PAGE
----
The owners of Warrenton’s Café Torino and Bakery at Waterloo Station shopping center want to simplify their lives.
That process for Andrea and Amber Ferrero could begin with the sale of the shopping center and an adjacent property, which includes the Fox Den Antiques Mall, at Waterloo Street and West Shirley Avenue.
The Ferreros opened their popular restaurant at the shopping center in May 2001.
Ten years ago, they and other investors formed a corporation — ABC and J LLC — and paid well-known Warrenton businessman Jim Rankin $8 million for the buildings, with about 47,000 square feet of leasable space, and 4.8 acres.
With a $9.6 million price tag, the corporation in November put the properties on the market.
For tax purposes, the county assesses them at $6.8 million.
“So far, we have four investment groups that are looking into it,” said Mr. Ferrero, the corporation’s managing partner. “It could be tomorrow, or it could be a year” before the properties get sold. “We’re not under any pressure.”
Mr. Ferrero and winemaker Chris Pearmund own a controlling interest in the corporation.
“So, basically, whatever we say goes,” Mr. Ferrero said.
Mr. Pearmund serves as the corporation’s chief financial officer.
Unloading the Fox Den Antiques Mall parcel and Waterloo Station, which includes the Carousel soft-serve ice cream business, figure into the Ferreros’ plan to sell or shut the restaurant in about four years.
“I would like to close the café at 20 years — or sell it” in 2021, Mr. Ferrero said. “Twenty years is a good run.”
For several reasons, the timing to sell the breitling replica watches properties and close the restaurant couldn’t be better, the couple explained.
Their daughter and son will have completed college in about three years; they have grown tired of nearly two decades of long hours at the restaurant, and the commercial real estate market has begun to rebound, the Ferreros said.
The shopping center and adjacent building, formerly a farm equipment dealership, generate $567,000 a year in rent, according to the real estate listing.
“We’re ready,” said Mrs. Ferrero, 44. “We want to move to the next phase of our lives.”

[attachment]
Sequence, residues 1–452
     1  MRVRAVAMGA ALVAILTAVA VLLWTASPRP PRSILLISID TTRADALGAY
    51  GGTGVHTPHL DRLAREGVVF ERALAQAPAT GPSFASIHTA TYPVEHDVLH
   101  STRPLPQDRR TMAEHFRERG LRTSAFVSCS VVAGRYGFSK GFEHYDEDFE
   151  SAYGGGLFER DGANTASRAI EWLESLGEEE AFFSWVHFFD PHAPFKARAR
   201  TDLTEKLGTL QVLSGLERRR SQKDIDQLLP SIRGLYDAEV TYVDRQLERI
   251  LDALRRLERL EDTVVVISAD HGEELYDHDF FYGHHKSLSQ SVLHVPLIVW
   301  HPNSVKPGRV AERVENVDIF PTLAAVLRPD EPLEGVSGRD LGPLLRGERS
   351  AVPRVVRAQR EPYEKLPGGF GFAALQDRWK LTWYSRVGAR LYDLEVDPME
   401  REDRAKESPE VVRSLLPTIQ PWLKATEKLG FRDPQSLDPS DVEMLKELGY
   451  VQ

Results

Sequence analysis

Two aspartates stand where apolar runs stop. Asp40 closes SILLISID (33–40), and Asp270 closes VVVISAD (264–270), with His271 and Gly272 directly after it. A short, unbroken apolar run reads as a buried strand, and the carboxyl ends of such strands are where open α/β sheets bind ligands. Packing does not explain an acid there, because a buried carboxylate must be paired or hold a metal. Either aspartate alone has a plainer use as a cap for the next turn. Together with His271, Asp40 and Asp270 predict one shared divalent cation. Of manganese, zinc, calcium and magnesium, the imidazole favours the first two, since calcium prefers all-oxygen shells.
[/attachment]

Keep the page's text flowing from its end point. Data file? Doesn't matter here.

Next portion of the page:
“I’m tired of managing” the two properties, said Mr. Ferrero, 49. “We’ve paid our dues, put in our time. Now, somebody else can enjoy that.
“It’s time. My wife and I are starting to shed things we have.”
To that end, Mr. Ferrero in January sold a townhouse behind Warrenton’s Oak Springs Plaza shopping center for $196,000, according to land records.
Neither of the couple’s children wants to take over the restaurant business, he said.
“They know better,” Mr. Ferrero said. “They’ve seen us do it. They know it’s a lot of hard work — 24/7.”
Nor does Mr. Rankin, who owns Rankin’s Furniture at the replica panerai watches shopping center, want to repurchase the properties, which he owned for 15 years.
“Just not interested,” said the former Fauquier board of supervisors member. “I’m 86. I don’t need that. Do I want to stay here? Sure. But, I don’t want to own it. We have other investments we can survive on, if we have to.”
Mr. Rankin operates a furniture store at Waterloo Station. His family also owns Rankin’s True Value Hardware at the Warrenton Village Center along Broadview Avenue. Mr. Rankin opened that business 51 years ago.
Do the Ferreros plan to retire after selling cheap tag heuer replica watches the two commercial properties and quitting the restaurant business?
“Retirement’s a big word,” Mr. Ferrero said. “I’m not a millionaire. I’m thinking about not working 13-hour days.”
“Our dream is to move to the Islands, get a PADI (Professional Association of Diving Instructors) license, take people scuba diving, doing lunch on the boat and do little tours,” Mrs. Ferrero said.
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